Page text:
Speed Dating with Nonfiction Books

Every year I collaborate with the 11th-grade English teachers on a nonfiction independent reading project. The goal is to increase student agency and create excitement about literature. While many juniors initially express an aversion to reading, they often show an interest in at least one title by the end of the activity. Educational leaders have not come far enough in incorporating independent reading into academic frameworks, but I am hopeful that more teachers will continue focusing on this crucial foundation of literacy.

The Power of Student Book Choice

Back in 1960, literature professor and researcher Louise Rosenblatt was calling for English curriculums to consider the needs of individual students. When a teenager reads a book, she asserted, “it should be primarily because at this point in his life this particular work offers a significant and enjoyable experience for him, an experience that involves him personally and that he can assimilate into his ongoing intellectual and emotional development” (Rosenblatt 307). This remains true today. When teens read a book of their choosing, they are more likely to engage with the text and internalize the concepts of the work. Even if they disagree with an author’s or character’s perspective, they can gain important insight into their own ideas by recognizing and reflecting upon thoughts that contrast with theirs.  

Speed Dating Details

In past speed dating activities, I’ve limited the options to 10 books. Because of the current contentious atmosphere surrounding academic content, our administrators recommended we add several titles to our lineup, in addition to including a parent permission slip. Though I pay close attention to creating a list that includes a wide range of cultures, races, religions, and sensibilities, I increased the number of books to 30 to avoid any problems. 

With our list expanded, we decided to make this a true speed dating format. I used the entire library space and placed books on tables or desktops with printed summaries displayed next to them. After introducing the project, I then presented the first 10 books through a Google Slide Show,  giving a brief book talk for each one. Then I explained the procedure:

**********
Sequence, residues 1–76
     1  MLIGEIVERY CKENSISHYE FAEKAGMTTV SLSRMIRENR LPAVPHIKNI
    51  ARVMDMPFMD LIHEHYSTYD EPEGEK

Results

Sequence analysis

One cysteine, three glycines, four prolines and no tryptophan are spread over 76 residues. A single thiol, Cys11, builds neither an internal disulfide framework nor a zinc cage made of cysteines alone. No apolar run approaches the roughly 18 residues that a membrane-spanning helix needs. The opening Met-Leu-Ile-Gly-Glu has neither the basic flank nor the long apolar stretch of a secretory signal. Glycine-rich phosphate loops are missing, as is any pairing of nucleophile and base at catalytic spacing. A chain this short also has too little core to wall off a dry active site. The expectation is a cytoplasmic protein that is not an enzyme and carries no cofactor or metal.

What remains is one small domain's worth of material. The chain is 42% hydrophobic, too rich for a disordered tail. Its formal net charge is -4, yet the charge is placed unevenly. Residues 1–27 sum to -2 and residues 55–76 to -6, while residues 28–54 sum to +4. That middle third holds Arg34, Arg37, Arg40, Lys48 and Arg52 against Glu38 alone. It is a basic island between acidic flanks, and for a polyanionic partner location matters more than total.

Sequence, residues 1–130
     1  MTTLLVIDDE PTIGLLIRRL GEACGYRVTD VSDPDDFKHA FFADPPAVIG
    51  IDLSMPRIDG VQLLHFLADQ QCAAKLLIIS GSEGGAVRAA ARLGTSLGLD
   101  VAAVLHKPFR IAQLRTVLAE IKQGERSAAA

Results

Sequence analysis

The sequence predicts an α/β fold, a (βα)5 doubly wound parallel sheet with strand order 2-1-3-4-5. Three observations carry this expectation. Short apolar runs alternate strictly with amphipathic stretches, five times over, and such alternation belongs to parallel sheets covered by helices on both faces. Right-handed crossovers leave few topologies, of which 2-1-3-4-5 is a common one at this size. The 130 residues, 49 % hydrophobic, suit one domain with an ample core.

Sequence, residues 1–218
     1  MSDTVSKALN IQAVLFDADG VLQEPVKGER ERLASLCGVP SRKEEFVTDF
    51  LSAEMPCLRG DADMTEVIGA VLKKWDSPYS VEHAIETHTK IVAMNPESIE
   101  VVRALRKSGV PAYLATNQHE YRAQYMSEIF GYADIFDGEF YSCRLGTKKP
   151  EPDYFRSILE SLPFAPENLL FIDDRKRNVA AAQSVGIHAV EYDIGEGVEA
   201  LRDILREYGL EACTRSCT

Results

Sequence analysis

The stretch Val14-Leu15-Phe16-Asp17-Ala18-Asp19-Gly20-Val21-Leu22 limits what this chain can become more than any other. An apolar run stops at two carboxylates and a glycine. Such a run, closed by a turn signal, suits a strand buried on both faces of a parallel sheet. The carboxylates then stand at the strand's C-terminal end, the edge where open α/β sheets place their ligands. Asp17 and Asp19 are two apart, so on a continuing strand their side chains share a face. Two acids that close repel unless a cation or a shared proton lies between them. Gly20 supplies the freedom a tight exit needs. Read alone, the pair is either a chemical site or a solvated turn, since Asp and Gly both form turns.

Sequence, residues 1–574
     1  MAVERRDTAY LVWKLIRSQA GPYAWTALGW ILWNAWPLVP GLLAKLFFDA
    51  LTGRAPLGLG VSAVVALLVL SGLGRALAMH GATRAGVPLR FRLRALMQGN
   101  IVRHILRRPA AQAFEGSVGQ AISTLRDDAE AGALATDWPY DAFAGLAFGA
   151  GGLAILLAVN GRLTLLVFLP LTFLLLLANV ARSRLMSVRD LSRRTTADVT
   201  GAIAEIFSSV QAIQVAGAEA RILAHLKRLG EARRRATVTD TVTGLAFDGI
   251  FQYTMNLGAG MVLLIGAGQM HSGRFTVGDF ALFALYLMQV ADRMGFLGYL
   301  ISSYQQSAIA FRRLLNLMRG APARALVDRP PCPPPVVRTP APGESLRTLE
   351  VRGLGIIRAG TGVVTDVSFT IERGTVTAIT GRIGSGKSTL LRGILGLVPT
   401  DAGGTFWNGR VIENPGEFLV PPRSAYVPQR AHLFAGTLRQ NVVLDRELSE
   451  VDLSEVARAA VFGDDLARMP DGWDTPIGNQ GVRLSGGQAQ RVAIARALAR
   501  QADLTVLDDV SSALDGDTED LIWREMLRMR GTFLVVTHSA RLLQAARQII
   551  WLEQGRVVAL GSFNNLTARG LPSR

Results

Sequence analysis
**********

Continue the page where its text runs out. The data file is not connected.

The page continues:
1. Sit at a numbered table with a book (one person per book).
  2. Read the summary, pick up the book and read a few paragraphs, look at the front and back flaps, and take a photo with your phone if you’re interested in reading it.
  3. When the one-minute timer goes off, move to the next table/book and follow the same procedure.
  4. By the end of the 40-minute period, you should have speed dated each book.


Adding books to the list will certainly make more work for the English teachers, who did not have time to read every book and will have to analyze student reflection assignments with less background knowledge. On the positive side, it did create a more flowing speed dating experience. In the past the students moved from table to table in groups, which led to side conversations and distractions. This time, students were alone with each book and had nothing else to do but focus their attention on that book. When I walked around the room observing them, they were fully engaged in their tasks.

Once the speed dating was over and every student had completed a “date” with each book, the teacher and I asked the students to share their thoughts. Some said they knew right away which book they wanted, and others were still unsure. Having read all of the books, I was able to advise the students based on what they told me they liked in a book. For those who were not strong readers, I recommended listening to a book on audio and they were happy to hear of that option. I encouraged them to come back to the school library to discuss their choices further. 

In the weeks after the lesson, students have been checking out their books, spending lunch or free periods reading in the school library, and asking for my help with their writing reflections. It’s always rewarding to see students engage with literature, but it’s even more exciting when I watch former proclaimed nonreaders become absorbed in stories that have the power to change their lives.

Works Cited

Rosenblatt, Louise M. “Literature: The Reader’s Role.” The English Journal 49, no. 5 (1960): 304–16. https://doi.org/10.2307/810700.


Author: Karin Greenberg

Karin Greenberg is the librarian at Manhasset High School in Manhasset, New York. She is a former English teacher and writes book reviews for School Library Journal. In addition to reading, she enjoys animals, walking, hiking, and spending time with her family. Follow her book account on Instagram @bookswithkg.

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3 replies

  1. Thank you for sharing this engaging lesson. I also read your past posts. With this new version, did the students do a graphic organizer? Or did they just take a photo if they were interested?

  2. Hi, Shannon. No, we took out the graphic organizer this time to limit the distractions and it seemed to work much better. A few took photos but most of the students were fully engaged with the books and were able to easily choose ones that they wanted to read.

  3. Very nice! We do something similar for our Jr. English persuasive writing assignment. Our students do a ‘topic tasting’ with books on a variety of pro/con topics. I have tables with books sorted into general categories, and each category has a different colored paper to ensure students ‘taste’ a variety of topics. The variety of topics chosen by students has significantly improved using this process.

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